The following tables, which have explanatory captions, we have compiled from our records, under the impression that they would probably be found interesting to parties engaged in the cotton trade: —
|Date of receipt of first bale.||Receipts of new crop to 1st Sept||Total receipts at New Orleans.||Total crop of U. States.|
|1842, July 25.||1,734||1842-3.||1,075,894||2,378,875|
|1843, August 17.||292||1843-4.||850,342||2,030,409|
|1844, July 23.||5,720||1844-5.||954,285||2,394,503|
|1845, July 30.,.||6,846||1845-6.||1,041,393||2,100,537|
|1846, August 7.||140||1846-7.||707,324||1,778,651|
|1847, August 9.||1,089||1847-8.||1,188,733||2,347,634|
|1848, August 5.||2,864||1848-9.||1,090,797||2,728,596|
|1849, August 7.||477||1849-50.||797.387||2,096,706|
|1850, August 11.||67||1850-1.||950,220||2,355,257|
|1851, July 25.||3,155||1851-2.||1,429,183|
|Season.||Receipts at New Orleans.||Av. price per bale.||Total value.|
|Total, ten years.||11,132,320||$378,079,976|
It will be seen by the above table that the cotton alone sold in this market within the past ten years has yielded a gross product of $378,079,976.
sugar. The crop of 1851 proved, according to the very valuable statement of Mr. P. A. Champomier, to be 236,547 hhds., estimated at 257,138,000 Ibs. Of this quantity there were 203,922 hhds. brown sugar made by the old process, and 32,625 hhds. refined, clarified, etc., including cistern bottoms. This was the produce of 1,474 plantations, of which 914 are worked by steam, and 560 by horse power, and the result shows only a moderate yield, as the cane generally was not well matured, besides which the loss by crevasses is estimated to have been about 10,000 hhds. The crop also presented a low average in quality, as besides the immature condition of the cane, it was somewhat injured by frost, and we noticed several salts on the levee as low as 1 Ë, 1 Å¾, and 2 cents per lb. The following table, which shows the highest and lowest points in each month for fair sugar on the levee, will indicate the general course of the market: —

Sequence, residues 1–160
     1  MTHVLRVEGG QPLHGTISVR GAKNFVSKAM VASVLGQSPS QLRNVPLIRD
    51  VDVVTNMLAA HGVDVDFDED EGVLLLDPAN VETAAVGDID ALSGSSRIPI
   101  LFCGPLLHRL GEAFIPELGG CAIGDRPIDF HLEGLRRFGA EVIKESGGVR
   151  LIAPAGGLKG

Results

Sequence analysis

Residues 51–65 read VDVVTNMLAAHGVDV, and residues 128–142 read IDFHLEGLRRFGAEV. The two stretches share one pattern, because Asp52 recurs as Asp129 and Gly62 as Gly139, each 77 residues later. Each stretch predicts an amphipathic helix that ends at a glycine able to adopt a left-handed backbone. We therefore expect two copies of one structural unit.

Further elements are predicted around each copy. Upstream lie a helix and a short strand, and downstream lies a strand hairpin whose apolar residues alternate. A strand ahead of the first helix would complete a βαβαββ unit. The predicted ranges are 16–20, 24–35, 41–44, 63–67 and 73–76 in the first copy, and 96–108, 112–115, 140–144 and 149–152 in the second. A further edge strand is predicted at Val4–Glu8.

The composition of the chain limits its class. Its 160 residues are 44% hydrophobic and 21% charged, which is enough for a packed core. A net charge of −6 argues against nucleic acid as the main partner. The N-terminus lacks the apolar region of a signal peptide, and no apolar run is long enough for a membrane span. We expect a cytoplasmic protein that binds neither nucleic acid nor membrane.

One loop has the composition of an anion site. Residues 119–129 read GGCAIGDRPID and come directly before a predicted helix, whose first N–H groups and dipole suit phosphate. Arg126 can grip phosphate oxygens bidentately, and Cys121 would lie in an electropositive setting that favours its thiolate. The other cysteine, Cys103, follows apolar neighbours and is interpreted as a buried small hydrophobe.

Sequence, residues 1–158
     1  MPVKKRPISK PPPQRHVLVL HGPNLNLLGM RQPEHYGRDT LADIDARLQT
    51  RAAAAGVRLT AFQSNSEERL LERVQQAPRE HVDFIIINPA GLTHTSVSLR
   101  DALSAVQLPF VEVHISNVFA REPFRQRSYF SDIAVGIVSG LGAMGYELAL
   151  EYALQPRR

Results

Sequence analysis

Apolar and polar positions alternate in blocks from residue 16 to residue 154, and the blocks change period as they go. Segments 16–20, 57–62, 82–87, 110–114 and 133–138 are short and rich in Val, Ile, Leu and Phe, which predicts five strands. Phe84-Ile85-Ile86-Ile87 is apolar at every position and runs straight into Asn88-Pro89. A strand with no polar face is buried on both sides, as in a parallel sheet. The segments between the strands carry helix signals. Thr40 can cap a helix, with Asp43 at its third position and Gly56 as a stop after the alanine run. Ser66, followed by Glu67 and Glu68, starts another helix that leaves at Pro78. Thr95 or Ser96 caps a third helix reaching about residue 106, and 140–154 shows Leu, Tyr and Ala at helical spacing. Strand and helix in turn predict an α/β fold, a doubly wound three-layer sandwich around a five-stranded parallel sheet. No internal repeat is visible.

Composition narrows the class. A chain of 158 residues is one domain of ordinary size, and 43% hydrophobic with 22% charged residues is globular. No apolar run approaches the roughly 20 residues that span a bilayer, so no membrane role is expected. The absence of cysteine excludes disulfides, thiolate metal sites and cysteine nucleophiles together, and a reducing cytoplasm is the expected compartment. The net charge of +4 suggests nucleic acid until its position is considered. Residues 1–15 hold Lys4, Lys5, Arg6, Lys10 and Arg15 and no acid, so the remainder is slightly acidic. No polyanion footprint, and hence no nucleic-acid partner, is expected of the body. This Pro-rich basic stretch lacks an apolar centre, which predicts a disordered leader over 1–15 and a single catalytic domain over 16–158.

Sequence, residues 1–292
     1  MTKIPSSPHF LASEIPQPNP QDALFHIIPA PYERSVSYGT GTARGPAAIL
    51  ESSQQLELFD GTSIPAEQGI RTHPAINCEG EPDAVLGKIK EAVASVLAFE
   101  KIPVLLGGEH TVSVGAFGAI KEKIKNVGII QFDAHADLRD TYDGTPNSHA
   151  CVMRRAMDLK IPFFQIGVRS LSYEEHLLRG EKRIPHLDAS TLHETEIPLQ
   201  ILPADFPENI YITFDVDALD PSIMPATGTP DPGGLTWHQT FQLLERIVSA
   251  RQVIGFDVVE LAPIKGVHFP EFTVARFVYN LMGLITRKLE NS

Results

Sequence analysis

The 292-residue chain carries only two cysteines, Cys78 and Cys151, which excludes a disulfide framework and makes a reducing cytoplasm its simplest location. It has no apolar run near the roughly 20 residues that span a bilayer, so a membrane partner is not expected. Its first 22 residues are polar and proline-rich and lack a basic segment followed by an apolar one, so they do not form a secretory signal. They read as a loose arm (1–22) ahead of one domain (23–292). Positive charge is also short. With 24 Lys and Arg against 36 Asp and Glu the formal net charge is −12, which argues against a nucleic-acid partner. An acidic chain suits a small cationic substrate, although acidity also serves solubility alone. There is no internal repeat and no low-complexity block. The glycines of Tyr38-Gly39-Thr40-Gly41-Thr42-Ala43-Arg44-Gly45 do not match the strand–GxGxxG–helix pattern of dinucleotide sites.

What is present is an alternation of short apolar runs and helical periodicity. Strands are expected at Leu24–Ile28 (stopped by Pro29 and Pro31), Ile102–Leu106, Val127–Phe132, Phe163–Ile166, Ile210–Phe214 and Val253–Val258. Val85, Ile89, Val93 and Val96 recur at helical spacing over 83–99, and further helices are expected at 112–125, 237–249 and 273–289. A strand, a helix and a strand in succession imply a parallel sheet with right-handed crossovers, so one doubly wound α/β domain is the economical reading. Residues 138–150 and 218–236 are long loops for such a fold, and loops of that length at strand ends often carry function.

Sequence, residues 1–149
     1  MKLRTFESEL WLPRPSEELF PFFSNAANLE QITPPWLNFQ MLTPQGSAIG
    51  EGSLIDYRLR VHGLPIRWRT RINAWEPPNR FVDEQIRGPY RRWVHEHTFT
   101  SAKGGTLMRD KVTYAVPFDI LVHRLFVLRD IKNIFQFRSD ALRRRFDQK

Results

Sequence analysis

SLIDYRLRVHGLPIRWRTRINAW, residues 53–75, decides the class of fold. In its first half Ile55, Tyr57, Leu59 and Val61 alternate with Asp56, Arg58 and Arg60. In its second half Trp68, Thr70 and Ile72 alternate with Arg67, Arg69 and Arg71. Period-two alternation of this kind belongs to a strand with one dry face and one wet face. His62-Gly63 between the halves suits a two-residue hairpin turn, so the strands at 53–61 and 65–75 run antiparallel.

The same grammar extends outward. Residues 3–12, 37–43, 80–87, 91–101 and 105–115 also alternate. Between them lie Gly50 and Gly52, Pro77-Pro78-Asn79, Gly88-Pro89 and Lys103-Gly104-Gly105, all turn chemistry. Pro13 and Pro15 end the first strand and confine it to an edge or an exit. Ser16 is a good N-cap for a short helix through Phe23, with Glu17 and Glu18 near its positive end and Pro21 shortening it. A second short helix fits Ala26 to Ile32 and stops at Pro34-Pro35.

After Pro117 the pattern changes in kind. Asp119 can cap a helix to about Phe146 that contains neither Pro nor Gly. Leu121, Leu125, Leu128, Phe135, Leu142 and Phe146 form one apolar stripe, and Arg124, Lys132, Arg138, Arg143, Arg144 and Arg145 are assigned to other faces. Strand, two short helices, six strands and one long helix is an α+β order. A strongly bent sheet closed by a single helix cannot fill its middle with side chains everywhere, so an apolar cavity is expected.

|Cents per pound.||Cents per pound.|
|September.||6 Åº a 6 Ë||5 Å¾ a 6 Åº||March.||4 a 4 Ë||3 Å¾ a 4 1/8|
|October.||5 Å¾ 6 Åº||4 Ë 5||April.||4 Åº 4 Å¾||3 7/8 4 3/8|
|November.||4 Ë 5 Åº||4 Åº 4 Å¾||May.||5 5 Åº||4 Åº 4 Å¾|
|December||4 4 Ë||3 Ë 4||June.||5 5 Åº||5 5 Åº|
|January||3 7/8 4 3/8||3 Ë 4||July.||5 5 Åº||5 5 Åº|
|February.||3 7/8 4 Åº||3 Ë 4||August.||5 Åº 5 Å¾||5 5 Åº|